When Biogen (NASDAQ:BIIB) began the U.S. launch of multiple sclerosis drug Tecfidera a few years ago, few expected its runaway success. In an already crowded field, it quickly rose to take the title of most prescribed treatment in its class. Total revenue for Biogen has nearly doubled following Tecfidera's launch, and until recently the stock had performed even better.
Now it looks like the party's quickly coming to an end. Biogen expects U.S. revenue from Tecfidera to not only decelerate but also remain flat for the year. Since it comprises more than a third of the company's total sales, this news is weighing heavily on the stock. Ahead of the recent sell-off in the broader market, Biogen shares were already more than 20% below peaks seen just ahead of the latest earnings call.
With things looking so dire, you're probably asking yourself: Are Tecfidera's reduced expectations due to competition from the likes of Sanofi and Novartis (NYSE:NVS), or possible cases of treatment-related brain infections? More importantly, should investors be worried about these threats?
A tale of three tablets
Before getting into what's happening now with Tecfidera, let's take a step back and look at the competitive landscape for oral multiple sclerosis therapies. First to win approval was Gilenya from Novartis. Its launch went swimmingly, and the drug reached blockbuster status in less than two years despite serious potential side effects.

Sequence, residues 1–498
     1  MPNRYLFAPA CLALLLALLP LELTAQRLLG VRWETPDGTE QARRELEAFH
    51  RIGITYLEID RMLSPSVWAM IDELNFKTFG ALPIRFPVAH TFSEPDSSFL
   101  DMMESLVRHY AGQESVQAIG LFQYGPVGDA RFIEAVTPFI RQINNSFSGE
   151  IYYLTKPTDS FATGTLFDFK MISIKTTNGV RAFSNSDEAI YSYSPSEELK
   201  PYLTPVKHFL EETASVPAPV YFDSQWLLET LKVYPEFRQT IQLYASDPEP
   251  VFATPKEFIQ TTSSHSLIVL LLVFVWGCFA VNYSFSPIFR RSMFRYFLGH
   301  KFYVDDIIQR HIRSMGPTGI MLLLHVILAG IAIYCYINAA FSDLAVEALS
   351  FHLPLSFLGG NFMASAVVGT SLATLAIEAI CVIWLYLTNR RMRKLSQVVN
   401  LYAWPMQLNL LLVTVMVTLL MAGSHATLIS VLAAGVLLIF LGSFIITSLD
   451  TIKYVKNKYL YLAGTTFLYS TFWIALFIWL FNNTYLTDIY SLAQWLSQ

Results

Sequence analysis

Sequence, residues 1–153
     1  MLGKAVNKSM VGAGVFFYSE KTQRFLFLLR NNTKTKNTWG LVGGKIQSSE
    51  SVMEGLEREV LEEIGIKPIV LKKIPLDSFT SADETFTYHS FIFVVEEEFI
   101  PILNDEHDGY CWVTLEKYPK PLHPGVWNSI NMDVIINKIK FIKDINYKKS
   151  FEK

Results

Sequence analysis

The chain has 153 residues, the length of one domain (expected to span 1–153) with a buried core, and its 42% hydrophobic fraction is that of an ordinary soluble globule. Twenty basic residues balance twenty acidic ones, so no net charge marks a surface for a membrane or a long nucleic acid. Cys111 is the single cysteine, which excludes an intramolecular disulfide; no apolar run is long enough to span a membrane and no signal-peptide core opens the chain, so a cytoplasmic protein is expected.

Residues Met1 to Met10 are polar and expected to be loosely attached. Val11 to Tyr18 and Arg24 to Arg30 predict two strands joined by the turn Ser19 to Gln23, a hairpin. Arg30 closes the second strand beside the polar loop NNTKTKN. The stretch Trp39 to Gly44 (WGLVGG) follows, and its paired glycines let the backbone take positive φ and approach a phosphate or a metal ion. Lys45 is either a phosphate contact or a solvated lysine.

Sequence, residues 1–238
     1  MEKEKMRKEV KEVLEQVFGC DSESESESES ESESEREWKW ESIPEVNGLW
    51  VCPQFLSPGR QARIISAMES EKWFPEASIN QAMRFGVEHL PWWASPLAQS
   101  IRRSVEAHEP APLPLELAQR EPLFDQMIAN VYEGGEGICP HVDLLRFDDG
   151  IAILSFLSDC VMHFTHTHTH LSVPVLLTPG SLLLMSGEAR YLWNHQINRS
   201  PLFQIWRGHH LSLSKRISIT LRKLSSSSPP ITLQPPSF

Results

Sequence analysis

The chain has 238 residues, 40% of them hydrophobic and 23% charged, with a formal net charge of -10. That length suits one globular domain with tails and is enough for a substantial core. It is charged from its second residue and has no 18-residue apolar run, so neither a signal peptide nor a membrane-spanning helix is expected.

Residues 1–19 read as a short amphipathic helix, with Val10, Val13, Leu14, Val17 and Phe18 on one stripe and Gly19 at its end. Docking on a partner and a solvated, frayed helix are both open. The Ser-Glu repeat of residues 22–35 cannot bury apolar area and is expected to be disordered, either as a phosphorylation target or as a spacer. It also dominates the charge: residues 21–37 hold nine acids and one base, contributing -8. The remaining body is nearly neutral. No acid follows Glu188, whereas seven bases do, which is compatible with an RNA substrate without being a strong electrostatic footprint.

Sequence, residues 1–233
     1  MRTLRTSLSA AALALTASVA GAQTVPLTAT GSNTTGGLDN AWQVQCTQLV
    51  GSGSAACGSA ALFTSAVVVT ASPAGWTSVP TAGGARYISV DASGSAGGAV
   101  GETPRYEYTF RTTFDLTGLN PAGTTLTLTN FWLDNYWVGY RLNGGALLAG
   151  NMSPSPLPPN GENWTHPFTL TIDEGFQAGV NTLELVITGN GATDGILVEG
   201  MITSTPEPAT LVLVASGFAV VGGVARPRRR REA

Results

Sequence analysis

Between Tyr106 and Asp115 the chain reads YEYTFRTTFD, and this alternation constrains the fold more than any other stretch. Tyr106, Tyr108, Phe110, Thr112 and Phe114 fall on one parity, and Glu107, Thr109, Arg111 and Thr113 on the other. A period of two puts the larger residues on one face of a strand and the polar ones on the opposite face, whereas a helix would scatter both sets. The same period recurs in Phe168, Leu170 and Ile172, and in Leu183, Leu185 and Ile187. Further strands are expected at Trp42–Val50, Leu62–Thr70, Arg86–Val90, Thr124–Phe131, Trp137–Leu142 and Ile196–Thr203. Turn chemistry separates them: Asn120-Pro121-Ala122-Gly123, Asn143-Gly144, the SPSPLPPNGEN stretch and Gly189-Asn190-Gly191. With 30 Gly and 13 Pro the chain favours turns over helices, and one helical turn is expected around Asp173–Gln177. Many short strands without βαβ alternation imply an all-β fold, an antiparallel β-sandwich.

Sanofi's Aubagio was next to market after winning FDA approval in September 2012. As it's a metabolite of rheumatoid arthritis treatment Arava, physicians were already leery of potential side effects, such as fatal liver failure. The FDA's inclusion of a black-box warning similar to Arava's on Aubagio's label didn't help matters any. As a result, sales of the drug have been disappointing, reaching just $433 million last year.
The important takeaway from the first two oral MS treatments is the magnitude of the impact that potential safety issues can have on the commercial success of these drugs. Treating this disorder is especially challenging. For example, it's not uncommon for patients to lose significant limb function within a few years of showing symptoms, only to stop progressing for decades without further treatment. The last thing a doctor wants to do is prescribe a drug with serious potential side effects when it could be unnecessary.
This is a part of the reason Tecfidera took off like a rocket, even though it was the third oral MS therapy to win approval. Less than a year ahead of Tecfidera's launch, a case of progressive multifocal leukoencephalopathy was reported in an MS patient taking Gilenya, casting quite the shadow of doubt over Gilenya's safety profile. PML is an uncommon but deadly brain infection caused by the fairly common JC virus. Healthy immune systems typically keep the virus at bay, but agents that prevent the immune system from attacking healthy neurons can also lower barriers that keep the JC virus from developing into PML.
Safety or saturation?